April 15, 2024


So far, 2024 really hasn’t been the year for air travel. In January alone there was the Japan Airlines fire, the Boeing 737 Max 9 that lost its door plug mid-flight, the discovery of more loose door plugs on other 737 Max 9s, a cockpit windshield that cracked mid-flight, a 747 shooting sparks through the air when one of its engines failed, a tailstrike in Toronto and a Virgin Atlantic flight that was canceled after a passenger noticed bolts missing on the wing. Unfortunately, it doesn’t look like things are improving, as two more incidents took place last week.

In Portland, KOIN reports that an Alaska Airlines Boeing 737 showed up with an open cargo door. While it’s not clear exactly when the door opened, according to the airline it most likely opened after landing, as the crew received no notification that the door wasn’t fully closed during the flight. Thankfully none of the pets flying in the cargo area died, so it ended up being more scary than tragic. In a statement, Alaska Airlines said:

Upon landing at PDX on March 1, Alaska Airlines flight 1437 was discovered to have the forward cargo door unsealed. There was no indication to the crew that the door was unsealed during flight and all indications point to the door partially opening after landing. Our maintenance teams inspected the aircraft, replaced a spring in the door, tested the door and reentered it into service.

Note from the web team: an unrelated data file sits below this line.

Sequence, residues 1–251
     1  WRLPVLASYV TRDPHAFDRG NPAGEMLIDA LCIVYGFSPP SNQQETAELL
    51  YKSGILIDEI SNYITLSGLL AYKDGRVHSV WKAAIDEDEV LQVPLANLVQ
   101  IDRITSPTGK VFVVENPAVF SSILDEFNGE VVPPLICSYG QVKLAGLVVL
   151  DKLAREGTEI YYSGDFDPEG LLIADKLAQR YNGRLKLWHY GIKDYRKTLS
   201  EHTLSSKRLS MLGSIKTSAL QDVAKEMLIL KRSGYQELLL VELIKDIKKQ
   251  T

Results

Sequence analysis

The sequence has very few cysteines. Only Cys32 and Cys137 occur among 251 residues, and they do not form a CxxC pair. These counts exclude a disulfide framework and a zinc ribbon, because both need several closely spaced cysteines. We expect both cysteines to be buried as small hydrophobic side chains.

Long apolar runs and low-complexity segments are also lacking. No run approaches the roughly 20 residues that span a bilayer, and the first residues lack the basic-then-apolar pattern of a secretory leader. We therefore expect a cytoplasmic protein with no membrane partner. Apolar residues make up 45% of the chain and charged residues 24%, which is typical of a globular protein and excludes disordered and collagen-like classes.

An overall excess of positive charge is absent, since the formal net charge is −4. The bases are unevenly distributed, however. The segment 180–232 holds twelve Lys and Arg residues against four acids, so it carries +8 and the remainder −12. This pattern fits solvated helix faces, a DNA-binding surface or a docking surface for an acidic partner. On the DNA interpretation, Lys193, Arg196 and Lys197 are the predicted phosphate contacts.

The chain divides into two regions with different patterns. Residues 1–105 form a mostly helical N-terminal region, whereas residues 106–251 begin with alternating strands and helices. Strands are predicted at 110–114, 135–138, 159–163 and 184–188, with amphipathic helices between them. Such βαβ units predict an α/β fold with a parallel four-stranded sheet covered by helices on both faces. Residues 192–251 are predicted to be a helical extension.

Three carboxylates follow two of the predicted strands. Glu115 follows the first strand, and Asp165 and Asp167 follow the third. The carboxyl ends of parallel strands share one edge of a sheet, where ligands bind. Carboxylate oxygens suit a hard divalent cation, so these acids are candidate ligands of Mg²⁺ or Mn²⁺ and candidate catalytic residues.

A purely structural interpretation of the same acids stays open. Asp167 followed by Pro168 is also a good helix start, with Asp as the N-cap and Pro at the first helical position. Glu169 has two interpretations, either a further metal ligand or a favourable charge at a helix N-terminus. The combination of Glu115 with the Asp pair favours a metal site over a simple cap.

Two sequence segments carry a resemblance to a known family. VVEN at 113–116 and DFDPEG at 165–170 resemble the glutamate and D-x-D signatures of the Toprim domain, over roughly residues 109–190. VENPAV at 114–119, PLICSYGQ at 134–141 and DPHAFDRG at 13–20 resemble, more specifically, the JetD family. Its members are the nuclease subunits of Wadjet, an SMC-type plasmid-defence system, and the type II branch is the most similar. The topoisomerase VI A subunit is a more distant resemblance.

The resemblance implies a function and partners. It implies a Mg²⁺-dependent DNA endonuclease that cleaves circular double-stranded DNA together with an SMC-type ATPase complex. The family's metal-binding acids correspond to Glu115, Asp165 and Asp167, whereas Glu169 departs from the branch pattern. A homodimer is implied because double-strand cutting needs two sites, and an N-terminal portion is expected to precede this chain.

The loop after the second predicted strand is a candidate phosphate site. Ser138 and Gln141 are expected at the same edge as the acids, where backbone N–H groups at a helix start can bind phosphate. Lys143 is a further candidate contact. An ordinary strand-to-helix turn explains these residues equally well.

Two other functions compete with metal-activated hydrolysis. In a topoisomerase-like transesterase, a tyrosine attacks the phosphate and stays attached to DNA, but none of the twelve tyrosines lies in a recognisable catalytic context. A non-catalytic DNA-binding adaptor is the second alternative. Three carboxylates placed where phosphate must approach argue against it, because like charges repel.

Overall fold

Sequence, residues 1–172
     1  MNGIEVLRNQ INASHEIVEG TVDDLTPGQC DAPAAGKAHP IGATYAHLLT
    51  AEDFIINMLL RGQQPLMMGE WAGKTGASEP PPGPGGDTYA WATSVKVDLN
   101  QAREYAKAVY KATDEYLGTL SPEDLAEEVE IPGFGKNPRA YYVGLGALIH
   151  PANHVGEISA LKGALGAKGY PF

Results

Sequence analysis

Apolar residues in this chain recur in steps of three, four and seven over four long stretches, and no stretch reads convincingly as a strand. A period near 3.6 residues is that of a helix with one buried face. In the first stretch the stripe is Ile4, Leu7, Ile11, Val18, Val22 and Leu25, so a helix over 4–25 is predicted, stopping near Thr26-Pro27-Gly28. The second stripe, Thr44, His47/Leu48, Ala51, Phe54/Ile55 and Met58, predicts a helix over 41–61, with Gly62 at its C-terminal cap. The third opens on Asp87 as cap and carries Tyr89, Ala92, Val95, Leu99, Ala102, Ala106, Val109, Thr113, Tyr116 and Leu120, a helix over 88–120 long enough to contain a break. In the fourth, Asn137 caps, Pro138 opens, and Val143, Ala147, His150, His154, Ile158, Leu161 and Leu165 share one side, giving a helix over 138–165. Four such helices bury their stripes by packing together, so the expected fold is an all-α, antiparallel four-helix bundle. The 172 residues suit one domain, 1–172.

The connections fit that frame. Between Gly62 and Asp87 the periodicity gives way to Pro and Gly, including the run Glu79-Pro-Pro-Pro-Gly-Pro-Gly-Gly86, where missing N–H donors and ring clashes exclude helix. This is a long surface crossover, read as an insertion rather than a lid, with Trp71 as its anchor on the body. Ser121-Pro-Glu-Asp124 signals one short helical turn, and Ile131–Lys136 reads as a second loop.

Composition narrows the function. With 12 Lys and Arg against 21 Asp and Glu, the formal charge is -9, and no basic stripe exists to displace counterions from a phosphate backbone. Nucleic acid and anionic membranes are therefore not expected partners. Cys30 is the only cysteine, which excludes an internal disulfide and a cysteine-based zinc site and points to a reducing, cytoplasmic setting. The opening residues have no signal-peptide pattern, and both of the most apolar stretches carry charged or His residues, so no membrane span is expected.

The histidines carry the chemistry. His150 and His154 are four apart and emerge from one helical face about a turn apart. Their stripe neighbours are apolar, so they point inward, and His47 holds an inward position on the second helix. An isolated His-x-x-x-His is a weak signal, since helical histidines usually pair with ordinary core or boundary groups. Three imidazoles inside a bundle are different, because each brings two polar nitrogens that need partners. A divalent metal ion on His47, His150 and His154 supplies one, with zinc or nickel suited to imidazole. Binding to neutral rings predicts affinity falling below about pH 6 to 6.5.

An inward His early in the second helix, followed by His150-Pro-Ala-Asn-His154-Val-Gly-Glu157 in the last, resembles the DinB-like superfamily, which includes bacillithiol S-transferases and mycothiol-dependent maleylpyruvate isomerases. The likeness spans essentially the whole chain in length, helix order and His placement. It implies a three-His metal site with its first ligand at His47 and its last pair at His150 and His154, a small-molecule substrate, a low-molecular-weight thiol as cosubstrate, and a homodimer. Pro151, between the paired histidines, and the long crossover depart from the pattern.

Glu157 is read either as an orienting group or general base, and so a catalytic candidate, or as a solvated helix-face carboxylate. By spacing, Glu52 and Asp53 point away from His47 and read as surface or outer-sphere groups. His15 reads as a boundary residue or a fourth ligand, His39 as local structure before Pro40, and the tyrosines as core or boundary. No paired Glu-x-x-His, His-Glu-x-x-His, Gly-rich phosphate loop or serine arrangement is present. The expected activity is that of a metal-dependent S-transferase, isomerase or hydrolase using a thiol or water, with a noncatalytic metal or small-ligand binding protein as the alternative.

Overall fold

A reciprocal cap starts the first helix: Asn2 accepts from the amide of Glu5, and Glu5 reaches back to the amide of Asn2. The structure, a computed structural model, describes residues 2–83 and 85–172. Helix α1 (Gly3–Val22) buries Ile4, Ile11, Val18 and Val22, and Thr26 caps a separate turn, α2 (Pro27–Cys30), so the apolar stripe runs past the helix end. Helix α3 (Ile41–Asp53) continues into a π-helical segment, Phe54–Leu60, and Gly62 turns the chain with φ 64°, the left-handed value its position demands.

Passengers on a flight landing in Houston also got a scare this week when their Boeing 737 Max 8 slid off the runway while taxiing to the gate. What caused the plane to go off the runway is still unknown, but one passenger told KPRC 2 that the landing itself was smooth. It was reportedly only after landing that something happened, causing the plane to end up in the grass and leaning to the left. No injuries have been reported. In a statement, United Airlines said:

Around 8 a.m. today, a United Airlines flight landed on a runway at George Bush Intercontinental Airport (IAH). As it was exiting the runway for the gate, the aircraft left the pavement and entered the grass along Runway 9-27. Fortunately, no one on board was injured and all passengers were safely transported to the terminal.

Per federal regulation, the FAA has been notified. Flights in and out of IAH continue without interruption.

As KPRC 2 points out, this wasn’t United’s first problem with a Boeing airplane even this week. A Boeing 777-200 lost a wheel as it was taking off, and last Monday a Boeing 737-900 experienced an engine fire. Considering Boeing’s role in so many of these incidents, it’s not surprising that a recent report from a federal safety panel found that the plane manufacturer’s safety culture is a mess.

A version of this article originally appeared on Jalopnik.



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